"I have been given five things not given to anyone before me: God helps me by implanting fear in the heart of my enemies at a distance of one month's walk; the Earth has been made a place of worship and means of cleansing for me, so whenever it is time to pray my followers can pray wherever they are; the spoils of war are lawful for me, although they were not lawful for anyone before me; I have the right to intercede (with God on behalf of believers); and, while every Prophet (before me) was sent to his people exclusively, I was sent to humanity."
"The Messenger of God: Muhammad" - Fethullah Gulen, p. 119
The propagation of Islam was the mission of all the prophets and messengers of Allah. There was never a prophet who was not a preacher and teacher. All of them preached the same message: 'Worship Allah, you have no other god but Him.' They all called to their people saying: 'I do not seek any reward from you for this work.'
There are five premises to the Islamic call, it has five approaches, and its results are also five.
The five premises
First: sincerity and truthfulness with Allah, and to seek His favour. Allah says: 'And, they were not enjoined aught but that they should worship God, sincere in their faith to Him alone.' (98:5)
The Prophet (peace be upon him) foretold that the first with whom the fire of hell will be lit are three; among them a scholar who acquired knowledge so that people would say he is learned.
Second: to practice what one preaches. Actually it is a scandal and disgrace that a person's actions contradict his words. Allah derides such people in His Quran: 'Do you bid other people to be pious, the while you forget your own selves - and yet you recite the divine writ? Will you not, then, use your reason?' (Qur'an 2:44)
Third: gentleness in presenting the message. Allah advised Musa and Haroon (peace be upon them both) to adopt this measure with Pharaoh, the greatest tyrant of his time: 'But speak unto him in a mild manner, so that he might bethink himself or [at least] be filled with apprehension.' (Qur'an 20:44)
And to Prophet Muhammad, He also cautioned: 'And it was by God's grace that thou [O Prophet] didst deal gently with thy followers; for if thou hadst been harsh and hard of heart, they would indeed have broken away from thee' (Qur'an 3:159).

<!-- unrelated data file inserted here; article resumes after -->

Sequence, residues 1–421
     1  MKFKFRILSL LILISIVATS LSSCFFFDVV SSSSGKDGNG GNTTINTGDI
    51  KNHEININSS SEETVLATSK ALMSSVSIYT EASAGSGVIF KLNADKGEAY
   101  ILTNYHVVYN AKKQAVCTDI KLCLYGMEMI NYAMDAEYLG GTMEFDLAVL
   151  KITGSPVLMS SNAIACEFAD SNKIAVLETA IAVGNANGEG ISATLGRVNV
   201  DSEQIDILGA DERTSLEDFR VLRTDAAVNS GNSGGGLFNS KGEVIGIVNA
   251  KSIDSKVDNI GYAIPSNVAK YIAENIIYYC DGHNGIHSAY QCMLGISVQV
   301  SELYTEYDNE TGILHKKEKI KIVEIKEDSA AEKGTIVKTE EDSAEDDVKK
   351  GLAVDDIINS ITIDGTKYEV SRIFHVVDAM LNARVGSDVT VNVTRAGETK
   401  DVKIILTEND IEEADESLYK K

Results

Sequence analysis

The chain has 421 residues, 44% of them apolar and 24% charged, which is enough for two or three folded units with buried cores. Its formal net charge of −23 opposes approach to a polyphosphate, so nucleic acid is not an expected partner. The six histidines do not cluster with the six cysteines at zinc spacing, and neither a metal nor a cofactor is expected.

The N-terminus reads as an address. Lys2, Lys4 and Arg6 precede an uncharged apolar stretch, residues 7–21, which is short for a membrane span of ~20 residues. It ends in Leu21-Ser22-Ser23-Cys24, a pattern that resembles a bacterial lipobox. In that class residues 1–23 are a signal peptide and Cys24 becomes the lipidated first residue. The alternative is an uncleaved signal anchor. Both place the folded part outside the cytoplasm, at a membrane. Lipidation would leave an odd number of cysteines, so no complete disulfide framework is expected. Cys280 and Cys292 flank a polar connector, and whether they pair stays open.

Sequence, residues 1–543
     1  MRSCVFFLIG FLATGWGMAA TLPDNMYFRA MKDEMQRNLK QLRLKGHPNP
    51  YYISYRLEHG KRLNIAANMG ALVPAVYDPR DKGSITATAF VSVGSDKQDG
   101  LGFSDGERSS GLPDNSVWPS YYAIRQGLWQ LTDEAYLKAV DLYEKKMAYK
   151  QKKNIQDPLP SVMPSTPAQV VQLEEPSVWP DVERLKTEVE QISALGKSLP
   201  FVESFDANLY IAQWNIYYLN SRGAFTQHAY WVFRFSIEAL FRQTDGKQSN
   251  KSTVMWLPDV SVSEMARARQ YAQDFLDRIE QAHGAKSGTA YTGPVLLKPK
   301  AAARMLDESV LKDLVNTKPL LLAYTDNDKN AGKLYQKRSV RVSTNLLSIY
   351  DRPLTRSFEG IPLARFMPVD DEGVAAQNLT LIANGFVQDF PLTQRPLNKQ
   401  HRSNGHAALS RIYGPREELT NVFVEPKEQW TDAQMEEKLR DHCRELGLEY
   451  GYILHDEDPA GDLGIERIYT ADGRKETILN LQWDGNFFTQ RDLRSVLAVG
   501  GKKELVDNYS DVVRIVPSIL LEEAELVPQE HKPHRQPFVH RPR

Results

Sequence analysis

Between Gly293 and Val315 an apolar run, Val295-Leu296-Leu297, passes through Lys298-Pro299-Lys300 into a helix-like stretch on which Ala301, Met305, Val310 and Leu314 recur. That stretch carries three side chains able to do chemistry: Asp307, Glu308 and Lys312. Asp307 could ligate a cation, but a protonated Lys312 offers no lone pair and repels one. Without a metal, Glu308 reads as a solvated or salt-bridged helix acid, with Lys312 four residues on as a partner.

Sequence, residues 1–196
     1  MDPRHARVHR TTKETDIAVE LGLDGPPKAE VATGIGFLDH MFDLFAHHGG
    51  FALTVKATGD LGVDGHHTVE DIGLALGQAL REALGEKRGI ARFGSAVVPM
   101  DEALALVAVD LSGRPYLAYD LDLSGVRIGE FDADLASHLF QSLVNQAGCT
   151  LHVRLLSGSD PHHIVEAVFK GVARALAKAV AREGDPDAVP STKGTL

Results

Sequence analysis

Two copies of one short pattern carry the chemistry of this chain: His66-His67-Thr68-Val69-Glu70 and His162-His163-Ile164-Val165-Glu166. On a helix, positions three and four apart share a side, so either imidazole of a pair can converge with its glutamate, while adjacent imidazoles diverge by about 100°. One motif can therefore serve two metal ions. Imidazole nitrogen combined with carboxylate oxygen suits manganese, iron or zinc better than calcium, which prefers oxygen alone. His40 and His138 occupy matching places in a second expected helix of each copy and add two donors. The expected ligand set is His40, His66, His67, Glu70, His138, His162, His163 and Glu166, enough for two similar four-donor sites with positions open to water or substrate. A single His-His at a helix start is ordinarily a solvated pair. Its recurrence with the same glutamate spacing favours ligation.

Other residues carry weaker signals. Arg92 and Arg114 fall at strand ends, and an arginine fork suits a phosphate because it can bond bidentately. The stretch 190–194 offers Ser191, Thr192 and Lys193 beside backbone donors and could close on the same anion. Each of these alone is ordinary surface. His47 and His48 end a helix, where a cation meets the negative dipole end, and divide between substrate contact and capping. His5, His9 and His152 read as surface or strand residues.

Hence it was on this basis the Prophet, declared: 'Make matters easy and do not make them difficult. Give glad tidings and do not drive people away.'
Fourth: adopt a gradual approach to propagation. Do as Prophet Muhammad did in his mission by beginning with the most important matters; then follow them up in order of priority. This was clearly demonstrated in the advice he gave to Muadh (may Allah be pleased with him) before he sent him to Yemen. "You will come upon a People of the Book (Jews and Christians), the first thing you should invite them to is to bear witness that there is no God save Allah and that I am the Messenger of Allah. If they respond positively to this, then inform them that Allah had ordained for them five prayers each day and night.'
Fifth: address every people with what is suited for them and their needs. There is a special approach to the people of the cities and another approach to the villagers. Similarly, there is a special approach to the Bedouin. The intellectual has his position and the ignorant has his position. So too, there is a style for the argumentative and an entirely different one for the submissive. 'And whoever is granted wisdom has indeed been granted wealth abundant.'
[to be continued]
"Thirty Lessons For Those Who Fast" - A'id Abdullah al-Qarnee